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HomeThe Big StoriesCIP and outstanding taxes to pay ALORICA workers hired by gov’t

CIP and outstanding taxes to pay ALORICA workers hired by gov’t

Chief of Staff, Lionel “Max” Hurst, has disclosed that the government intends to use funds from the Citizenship by Investment Programme (CIP) and taxes recovered by the government to finance the hiring of 100 former ALORICA workers.
“We anticipate using some of the resources from the Citizenship by Investment Programme as well as some of the additional taxes that we intend to collect by being more vigilant in collecting government taxes,” Hurst proclaimed in an interview yesterday with OBSERVER media.
He admitted that the CIP, which has been used over the years to finance many government initiatives, is not currently in a state to take on the recurring cost of salaries/wages for the impending hires and the cost of funding the entire operation by itself. Therefore, the government has been implementing a more robust tax collection mechanism to recover outstanding revenue.
He said that government made the decision to hire these 100 workers in a programme to digitise birth, marriage and death records that are deteriorating in the national archives. He said that records prior to the 1950s are still on paper and are yet to be digitised.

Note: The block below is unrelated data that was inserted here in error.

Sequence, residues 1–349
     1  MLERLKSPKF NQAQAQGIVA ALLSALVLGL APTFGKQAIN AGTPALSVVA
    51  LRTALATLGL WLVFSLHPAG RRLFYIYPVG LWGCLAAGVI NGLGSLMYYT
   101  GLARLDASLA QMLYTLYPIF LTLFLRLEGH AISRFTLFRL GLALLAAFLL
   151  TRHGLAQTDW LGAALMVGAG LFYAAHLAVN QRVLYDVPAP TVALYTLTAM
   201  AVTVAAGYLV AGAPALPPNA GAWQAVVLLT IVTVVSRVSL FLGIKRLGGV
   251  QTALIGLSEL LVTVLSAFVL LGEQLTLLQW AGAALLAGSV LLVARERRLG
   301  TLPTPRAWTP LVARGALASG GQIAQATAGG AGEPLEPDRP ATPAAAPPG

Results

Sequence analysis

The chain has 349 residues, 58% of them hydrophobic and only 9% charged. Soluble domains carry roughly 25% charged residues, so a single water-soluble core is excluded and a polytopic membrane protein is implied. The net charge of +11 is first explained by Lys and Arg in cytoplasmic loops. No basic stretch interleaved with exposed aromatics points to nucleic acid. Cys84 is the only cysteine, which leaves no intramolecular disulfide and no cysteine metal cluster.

Hurst added that the undertaking is not one of simply scanning the documents and entering them as PDFs, but workers will have to take the information off the page and type it into a computer database so that it can be accessed at anytime in the future.
The former Antigua and Barbuda ambassador to the United Nations explained that in order to ensure fairness in hiring, six or seven people will be hired from each of the 16 electoral districts in Antigua. Interested individuals are asked to apply to their parliamentary representative.
 He revealed that a couple of things must happen before these people are hired. A site must be identified for a facility big enough to house 100 computers and given the high value of the records that will be digitised, a security system must be put in place to ensure that they are not stolen or destroyed.
The government official said that getting these variables in place might take the government another three or four weeks.
Approximately 400 employees of ALORICA also known as the NCO Financial Services were laid off at the end of July. The news of the pending closure was first made public by Prime Minister Gaston Browne during a radio interview at another media house. Browne suggested that the company was closing its doors due to poor service by its employees.
The company quickly refuted Browne’s claims and stated that the it was moving its operations to Jamaica due to the high operating cost of business in Antigua. The company said that since setting up shop in Antigua it injected more than US $50 million and has employed more than 3,000 staff over the10 year period.

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